Brain of J.
by Eddie Vedder and Mike McCready

Who’s got the brain of JFK?
What’s it mean to us now?
Oh, it’s sound insurance
But I can tell you, this is no lie

The whole world will be different soon
The whole world will be relieved
The whole world will be different soon
The whole world will be relieved

You, you’ve been taught
Whipped into shape, now they got you in line
Stand behind the stripes
There will be order, so give it a good mind

The whole world will be different soon
The whole world will be relieved
The whole world will be different soon
The whole world will be relieved

And by name
The name they gave me
The name I’m letting go

The whole world will be different soon
The whole world will be relieved
The whole world will be different soon
The whole world will be relieved
The whole world will be different soon…soon

JFK Assassination Song: “Bush Killed Kennedy” by the Strap-Ons

November 22, 2013 will be the 50th anniversary of the assassination of President John F. Kennedy. This post is part of a series that will run throughout this year focusing on songs that address the JFK assassination.

The documentary Dark Legacy (2009) by John Hankey puts forth a conspiracy theory about the JFK assassination that implicates George H.W. Bush. The basic argument is that George H.W. Bush was at the center of the conspiracy to kill JFK, which was carried out by anti-Castro paramilitaries with CIA connections. George H.W. Bush denied being involved with the CIA (until he was made Director of Central Intelligence in 1976), but Dark Legacy shows a memo written by FBI Director J. Edgar Hoover dated November 29, 1963, one week after the JFK assassination, where he refers to a “misguided anti-Castro group” and states that, “information was furnished to Mr. George Bush of the Central Intelligence Agency.” The documentary establishes the connections between George H.W. Bush to other key figures in the conspiracy, and further connects these people to the wealthy American Nazi sympathizers during World War II. Dark Legacy tells a troubling story and even if you have a healthy dose of skepticism, this movie will make you question the forces that govern this country.


Dark Legacy is an update to an earlier film called JFK II: The Bush Connection, which was released in 2003. Punk band The Strap-Ons saw the earlier movie presumably because shortly after that they recorded “Bush Killed Kennedy“, which was included on their 2004 album Punk On Punk Crime. In the opening lines of the song the Strap-Ons assert that “Bush killed the Kennedys/I know it”. The song deplores the power of the ruling class and expresses discontent about the injustice and inequality that result from their actions.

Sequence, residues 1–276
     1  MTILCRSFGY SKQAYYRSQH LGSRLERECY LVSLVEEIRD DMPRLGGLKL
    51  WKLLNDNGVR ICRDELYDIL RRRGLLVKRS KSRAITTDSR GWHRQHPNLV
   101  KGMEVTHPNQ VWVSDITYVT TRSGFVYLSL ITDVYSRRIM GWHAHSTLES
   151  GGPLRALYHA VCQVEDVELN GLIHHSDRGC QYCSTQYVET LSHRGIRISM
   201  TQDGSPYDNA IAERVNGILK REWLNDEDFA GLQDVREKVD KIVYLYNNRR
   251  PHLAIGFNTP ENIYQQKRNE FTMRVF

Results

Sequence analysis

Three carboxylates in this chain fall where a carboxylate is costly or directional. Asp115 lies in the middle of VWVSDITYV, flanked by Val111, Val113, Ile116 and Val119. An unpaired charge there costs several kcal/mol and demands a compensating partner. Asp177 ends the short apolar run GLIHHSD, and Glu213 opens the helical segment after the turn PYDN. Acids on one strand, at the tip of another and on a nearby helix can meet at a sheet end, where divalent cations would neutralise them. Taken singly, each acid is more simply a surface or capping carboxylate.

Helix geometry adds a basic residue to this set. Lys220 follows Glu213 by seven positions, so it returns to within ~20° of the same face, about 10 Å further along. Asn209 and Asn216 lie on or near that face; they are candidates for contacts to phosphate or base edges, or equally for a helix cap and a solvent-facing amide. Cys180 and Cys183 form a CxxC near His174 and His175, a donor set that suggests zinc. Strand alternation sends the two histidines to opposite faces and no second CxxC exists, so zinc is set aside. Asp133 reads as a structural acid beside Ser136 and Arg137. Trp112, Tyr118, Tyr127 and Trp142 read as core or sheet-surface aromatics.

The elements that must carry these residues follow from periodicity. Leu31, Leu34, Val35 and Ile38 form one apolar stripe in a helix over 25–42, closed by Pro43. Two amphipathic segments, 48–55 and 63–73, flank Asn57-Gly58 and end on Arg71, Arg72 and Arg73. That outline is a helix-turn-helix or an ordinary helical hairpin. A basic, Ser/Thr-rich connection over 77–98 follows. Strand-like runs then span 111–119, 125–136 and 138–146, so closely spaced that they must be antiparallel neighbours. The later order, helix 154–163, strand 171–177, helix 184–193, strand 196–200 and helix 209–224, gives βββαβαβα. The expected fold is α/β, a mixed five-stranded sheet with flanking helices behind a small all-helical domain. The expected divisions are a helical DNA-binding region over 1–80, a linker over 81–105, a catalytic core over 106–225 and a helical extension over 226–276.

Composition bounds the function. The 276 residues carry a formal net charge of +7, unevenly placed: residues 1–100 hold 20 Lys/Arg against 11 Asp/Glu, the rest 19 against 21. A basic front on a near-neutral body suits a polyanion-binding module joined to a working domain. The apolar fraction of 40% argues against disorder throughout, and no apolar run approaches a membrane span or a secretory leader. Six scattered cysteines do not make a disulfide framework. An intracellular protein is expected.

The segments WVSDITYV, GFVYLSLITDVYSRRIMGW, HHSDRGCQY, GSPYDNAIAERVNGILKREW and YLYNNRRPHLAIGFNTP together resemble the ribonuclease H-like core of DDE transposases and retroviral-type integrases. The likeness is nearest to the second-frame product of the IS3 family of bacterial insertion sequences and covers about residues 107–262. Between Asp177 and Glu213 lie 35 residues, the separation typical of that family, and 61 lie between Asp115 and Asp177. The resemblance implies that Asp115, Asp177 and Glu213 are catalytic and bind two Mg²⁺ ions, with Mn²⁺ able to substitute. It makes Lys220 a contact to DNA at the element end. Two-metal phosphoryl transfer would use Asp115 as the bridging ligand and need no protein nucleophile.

Bush Killed Kennedy
by The Strap-Ons

Bush killed the Kennedys
I know it
A land of sheep with enemies
Don’t blow it
Tacos cheap for the little guy
Oil shores, your slice of pie
Policies feed poverty
No more trees just property

South there’s a drug war
To get me a little weed
Tim McVeigh in his own way
Just saved me
Lost in love, found in war
The riot hose, the broken shores
Justice out on the stem
Street war, let us in

Bush killed the Kennedys
I know it, man
A cowboy hat justice rules
This country is broke
A little Texas moral sleaze
Fixed votes, no missiles please
Broken dreams
Hopes that seemed so close

JFK Assassination Song: “Zapruder’s Film” by Mick Farren & Jack Lancaster

November 22, 2013 will be the 50th anniversary of the assassination of President John F. Kennedy. This post is part of a series that will run throughout this year focusing on songs that address the JFK assassination.

Counterculture icon Mick Farren died earlier this week, July 27th. He initially came to fame as a member of the Deviants, who released three albums in the 1960s. Though associated with the counterculture, Mick Farren was no peace-and-love hippie. His work unflinchingly explored a darker view of his times. He recorded only sporadically after leaving the Deviants, instead turning his attention to writing. He was a prolific author, writing several nonfiction books (many indulging conspiracy theories) and more than 20 novels, mainly speculative fiction. He also wrote “The Titanic Sails at Dawn” for the New Musical Express, which anticipated the punk rock revolt against the music scene of the mid-1970s.

In 1995 Mick Farren collaborated with Jack Lancaster on The Deathray Tapes, which describes a dystopian landscape. The cover of the album shows a toy gun but the spoken word pieces on this album describe violence that is all too real. One of the tracks on The Deathray Tapes, “Zapruder’s Film,” expresses the shock of the JFK assassination and the profound disillusion that followed over Jack Lancaster’s mournful accompaniment.

Zapruder’s Film
by Mick Farren & Jack Lancaster

The mass intoned to muffled drums
The child and the black horse come
In that pink haloed vapored brain
A hope that never comes again
An innocence is crushed beneath
Dark shadows that deny belief
And down the years no time to kill
Zapruder’s film is rolling still

And whom and why and what it tolls
Goes gunmen on a grassy knoll
Bright day back seat Cadillac
Our passion cannot roll it back
Or any doubt we write the end
No golden age, no gold to lend
And down the years no time to kill
Zapruder’s film is rolling still

Head jerks forward, head jerks back
Triangulation, planned attack
Concrete basement, lips are sealed
And ruthless men have cut their deals
And we will never trust again
The public masks of ruthless men
And down the years no time to kill
Zapruder’s film is rolling still

And echoes print that awful sound
And still they violate the wounds
The king has fallen, harvest fails
We enter time of guns and jails
A lifetime of no truth unfolds
An image of a head explodes
And down the years no time to kill
Zapruder’s film is rolling still

Zapruder’s film is rolling still